Friday, December 16, 2011

Year End Book Reviews

There is nothing quite so demanding as the urgency of now. Every day something comes up which has to be done now, and thus it is that weeks have passed since last I posted. Not that I had nothing to share, mind you, or circumstances upon which commentary may have been warranted, or even some new story or poem with which to bemuse; but instead pedestrian life intervened and I just haven't had the time until now.

Since I last wrote, several things important to me have occurred. My second novel, Rising Son, has been released for e-readers and is currently available for $3.99. Through the auspices of my publicist I have even managed to attract the attention of the local newspaper. You may link to the article here . They were generous with their coverage and in the physical paper I got a picture and headline above the fold on the front page, and about one third of the inside front page.

My spouse and I are also in the throes of selling our abode and combining households with her 92 year old mother, who is just beginning to reach that point where independent living is becoming too much. In this market it is a grueling process with false starts and dashed hopes offering the larger portion to date. But, in God's time and will it will all end up the way it is meant for us all, even if I can't quite see that horizon just this moment.

Meanwhile, I continue to voraciously consume books, and will take a moment to comment here on some notable tales which you may wish to read.

"We are coming, Greek." With those words Chris Humphreys begins an extravagant and delicious fictional chronicle of the people and events surrounding the siege and eventual fall of the fabled title city. Once the heart of the Byzantine Empire, the Red Apple--as it is known to the Turks--is ripe for plucking. With brilliant command of his craft, Humphreys weaves a tale of Emperors and mercenaries, Sultans and sinners, connivers, diplomats, seductresses, mystics and murderers into a powerful and compelling narrative where readers can almost smell the sweat and fear, cordite and courage, and duplicity and faithfulness as a huge army surrounds the walls that have withstood a millennium of assaults, and--outnumbered ten to one--prepares to defend itself one more time. "This is my city, Turk. Take it if you can."  Lovers of historical fiction will be immersed and gratified with this book, I couldn't stop reading, and can't sing enough praise for this fabulous contribution to my bookshelf.

A Place Called Armageddon-Constantinople 1453 by C. C. Humphreys.
Available through

We all have secrets. Big secrets, little ones; ones we disclose freely because they have little value, and some of us have secrets we willingly take to the grave. What secret did the famous printer Johannes Gutenberg--whose revolutionary bible that bears his name--have that was so important he was willing to sacrifice his new printing operation to maintain? This question leads the brilliant but eccentric professor Keith Drucker and rare books librarian Madeline Zayne on a transcontinental search for clues about who might be bombing the rare book libraries of the world, what an encoded rubric and stolen manuscript reveal about arcane rituals and biblio-terrorism and what fabulous treasure is at the end of the search. And if they find it, will they survive to tell the tale?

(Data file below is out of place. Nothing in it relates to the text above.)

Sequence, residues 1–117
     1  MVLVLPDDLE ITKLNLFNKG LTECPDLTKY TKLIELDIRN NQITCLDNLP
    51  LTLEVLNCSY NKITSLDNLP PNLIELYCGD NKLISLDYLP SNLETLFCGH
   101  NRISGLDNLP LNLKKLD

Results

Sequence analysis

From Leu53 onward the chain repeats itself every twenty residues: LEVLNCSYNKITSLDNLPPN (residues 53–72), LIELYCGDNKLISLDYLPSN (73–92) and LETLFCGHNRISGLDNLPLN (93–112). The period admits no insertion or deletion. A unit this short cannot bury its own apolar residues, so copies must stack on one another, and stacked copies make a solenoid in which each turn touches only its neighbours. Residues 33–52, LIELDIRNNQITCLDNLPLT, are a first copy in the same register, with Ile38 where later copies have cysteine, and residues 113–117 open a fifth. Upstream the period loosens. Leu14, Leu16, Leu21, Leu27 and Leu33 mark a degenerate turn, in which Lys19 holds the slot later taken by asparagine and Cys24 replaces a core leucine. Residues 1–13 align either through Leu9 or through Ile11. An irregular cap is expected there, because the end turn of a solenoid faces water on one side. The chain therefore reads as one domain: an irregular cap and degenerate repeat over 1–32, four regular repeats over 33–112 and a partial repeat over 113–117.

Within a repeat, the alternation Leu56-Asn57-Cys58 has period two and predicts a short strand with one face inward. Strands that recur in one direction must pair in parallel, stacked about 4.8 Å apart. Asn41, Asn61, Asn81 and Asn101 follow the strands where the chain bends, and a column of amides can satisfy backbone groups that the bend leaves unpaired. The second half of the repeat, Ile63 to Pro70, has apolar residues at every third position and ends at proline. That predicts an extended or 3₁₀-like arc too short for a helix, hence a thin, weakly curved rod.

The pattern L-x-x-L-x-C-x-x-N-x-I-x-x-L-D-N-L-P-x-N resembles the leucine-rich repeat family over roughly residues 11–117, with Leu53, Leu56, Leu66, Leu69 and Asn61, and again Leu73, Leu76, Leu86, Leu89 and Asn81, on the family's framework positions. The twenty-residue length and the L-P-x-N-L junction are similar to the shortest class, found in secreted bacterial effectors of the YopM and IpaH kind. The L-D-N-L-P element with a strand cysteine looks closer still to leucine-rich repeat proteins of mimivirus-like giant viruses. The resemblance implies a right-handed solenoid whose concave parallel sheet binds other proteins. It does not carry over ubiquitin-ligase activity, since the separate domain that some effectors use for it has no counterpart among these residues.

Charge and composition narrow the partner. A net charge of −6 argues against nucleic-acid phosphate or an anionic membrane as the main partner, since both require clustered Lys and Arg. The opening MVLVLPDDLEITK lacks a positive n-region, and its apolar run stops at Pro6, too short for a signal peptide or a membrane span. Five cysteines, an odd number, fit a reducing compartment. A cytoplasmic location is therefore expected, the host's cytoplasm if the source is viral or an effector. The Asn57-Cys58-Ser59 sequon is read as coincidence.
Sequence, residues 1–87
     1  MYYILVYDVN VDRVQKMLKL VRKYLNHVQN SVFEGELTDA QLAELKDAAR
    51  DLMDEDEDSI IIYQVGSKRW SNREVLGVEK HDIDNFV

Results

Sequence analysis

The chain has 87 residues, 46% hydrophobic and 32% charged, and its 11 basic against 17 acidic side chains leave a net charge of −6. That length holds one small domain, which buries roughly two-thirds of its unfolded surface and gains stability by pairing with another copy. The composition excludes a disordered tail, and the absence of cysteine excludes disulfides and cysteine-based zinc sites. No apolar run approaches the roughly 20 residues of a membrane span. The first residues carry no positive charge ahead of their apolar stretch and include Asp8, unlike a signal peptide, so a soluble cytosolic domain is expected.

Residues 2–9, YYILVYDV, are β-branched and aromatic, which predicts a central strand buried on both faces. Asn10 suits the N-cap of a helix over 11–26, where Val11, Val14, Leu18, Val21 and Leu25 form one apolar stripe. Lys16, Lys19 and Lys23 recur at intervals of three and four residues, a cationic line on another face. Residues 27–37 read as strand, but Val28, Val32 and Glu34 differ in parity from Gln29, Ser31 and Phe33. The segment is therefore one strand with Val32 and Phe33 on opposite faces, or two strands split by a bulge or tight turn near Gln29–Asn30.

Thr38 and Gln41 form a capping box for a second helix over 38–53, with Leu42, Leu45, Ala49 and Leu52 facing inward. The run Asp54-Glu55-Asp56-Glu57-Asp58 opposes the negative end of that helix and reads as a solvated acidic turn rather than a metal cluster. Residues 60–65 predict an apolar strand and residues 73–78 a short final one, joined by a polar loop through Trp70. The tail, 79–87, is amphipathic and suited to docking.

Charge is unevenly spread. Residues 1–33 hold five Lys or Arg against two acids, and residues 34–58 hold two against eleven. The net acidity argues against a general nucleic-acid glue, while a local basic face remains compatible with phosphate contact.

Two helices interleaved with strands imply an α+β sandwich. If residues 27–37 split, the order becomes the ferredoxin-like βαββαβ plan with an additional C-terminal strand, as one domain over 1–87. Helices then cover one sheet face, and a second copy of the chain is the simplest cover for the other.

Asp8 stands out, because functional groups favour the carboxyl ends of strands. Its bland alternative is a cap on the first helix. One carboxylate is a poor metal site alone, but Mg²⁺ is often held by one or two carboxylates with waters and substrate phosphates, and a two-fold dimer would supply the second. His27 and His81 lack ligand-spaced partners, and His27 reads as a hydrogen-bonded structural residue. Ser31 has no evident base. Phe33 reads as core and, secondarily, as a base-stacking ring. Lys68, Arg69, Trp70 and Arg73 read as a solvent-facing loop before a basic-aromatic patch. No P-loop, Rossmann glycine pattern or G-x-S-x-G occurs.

Nathan Everett crafts an intriguing story of just what it might mean when a pressman says he has 'ink running in his veins', and pushes us through an entertaining labyrinth of leads to a satisfying  and surprising end. Highly recommended, think Dan Brown (though better crafted) for the bibliophile.  Who says librarians are dull?

The Gutenberg Rubric by Nathan Everett
ISBN 978-0-9833691-2-7
Available at bookstores, through his website, and 

What if Cleopatra didn't die. Ever.

Queen of Kings by Maria Dahvana Headley is one of those books. A book I enjoyed thoroughly, recommend highly and hate trying to review. Not because it is somehow deficient--quite the opposite--it is an ambrosial mix of piquant characters familiar to us all. How could you go wrong with Cleopatra, Mark Antony, Octavian and a fulsome cast of Egyptian, Roman and Pagan gods and their mortal minions? You can't, or at least Headley doesn't. What makes this genre-bending morsel so difficult to review is that almost anything I write has the potential to be a spoiler and I so do not want that to happen. So I will say this: If you are a fan of historical fiction there is much to love in this scrupulously researched book. If a fan of Egyptology or ancient Rome, again, lots to admire in these pages. Perhaps you enjoy well-imagined and sublimely crafted fantasy or mythology. You will find a home among her words and worlds. The fact that she can satisfy across this spectrum leaves me bereft of superlatives, except to simply say, Wow, can this lady write! 
I might bargain with Hades just to get a couple of hours inside her brain to see the wonder of it. And that is the only clue I'll give you. Read for yourself and embrace the ride! 

Queen of Kings by Maria Dahvana Headley
ISBN  978-0-525-95217-6
Widely available at bookstores, Amazon and Barnes &

What do all these authors have in common-including me? We all live in the Pacific Northwest, and as time becomes an increasingly precious commodity to me you will find my reviews will increasingly be devoted to the talent flourishing in our region. I hope you continue to join me in reading local authors, buying at independent bookstores, and giving writers laboring in the electronic world, like myself, an opportunity as well. Thanks for the reads.